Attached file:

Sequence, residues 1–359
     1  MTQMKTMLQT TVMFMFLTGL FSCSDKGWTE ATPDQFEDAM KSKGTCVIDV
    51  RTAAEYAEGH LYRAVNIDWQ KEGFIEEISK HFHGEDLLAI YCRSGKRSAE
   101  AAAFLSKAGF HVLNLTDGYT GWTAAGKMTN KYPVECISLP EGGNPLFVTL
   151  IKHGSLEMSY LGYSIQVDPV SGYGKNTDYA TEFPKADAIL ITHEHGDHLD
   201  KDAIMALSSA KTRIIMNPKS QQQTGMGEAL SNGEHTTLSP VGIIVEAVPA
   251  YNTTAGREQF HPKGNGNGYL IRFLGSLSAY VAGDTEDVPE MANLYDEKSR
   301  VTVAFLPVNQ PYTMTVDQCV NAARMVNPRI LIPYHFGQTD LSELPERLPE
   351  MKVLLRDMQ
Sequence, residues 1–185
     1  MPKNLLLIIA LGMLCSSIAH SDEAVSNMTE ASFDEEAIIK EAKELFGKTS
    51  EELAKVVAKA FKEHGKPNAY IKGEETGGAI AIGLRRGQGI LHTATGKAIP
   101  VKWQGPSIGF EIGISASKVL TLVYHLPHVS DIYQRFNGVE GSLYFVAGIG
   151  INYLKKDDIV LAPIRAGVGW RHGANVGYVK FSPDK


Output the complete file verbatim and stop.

Sequence, residues 1–359
     1  MTQMKTMLQT TVMFMFLTGL FSCSDKGWTE ATPDQFEDAM KSKGTCVIDV
    51  RTAAEYAEGH LYRAVNIDWQ KEGFIEEISK HFHGEDLLAI YCRSGKRSAE
   101  AAAFLSKAGF HVLNLTDGYT GWTAAGKMTN KYPVECISLP EGGNPLFVTL
   151  IKHGSLEMSY LGYSIQVDPV SGYGKNTDYA TEFPKADAIL ITHEHGDHLD
   201  KDAIMALSSA KTRIIMNPKS QQQTGMGEAL SNGEHTTLSP VGIIVEAVPA
   251  YNTTAGREQF HPKGNGNGYL IRFLGSLSAY VAGDTEDVPE MANLYDEKSR
   301  VTVAFLPVNQ PYTMTVDQCV NAARMVNPRI LIPYHFGQTD LSELPERLPE
   351  MKVLLRDMQ
Sequence, residues 1–185
     1  MPKNLLLIIA LGMLCSSIAH SDEAVSNMTE ASFDEEAIIK EAKELFGKTS
    51  EELAKVVAKA FKEHGKPNAY IKGEETGGAI AIGLRRGQGI LHTATGKAIP
   101  VKWQGPSIGF EIGISASKVL TLVYHLPHVS DIYQRFNGVE GSLYFVAGIG
   151  INYLKKDDIV LAPIRAGVGW RHGANVGYVK FSPDK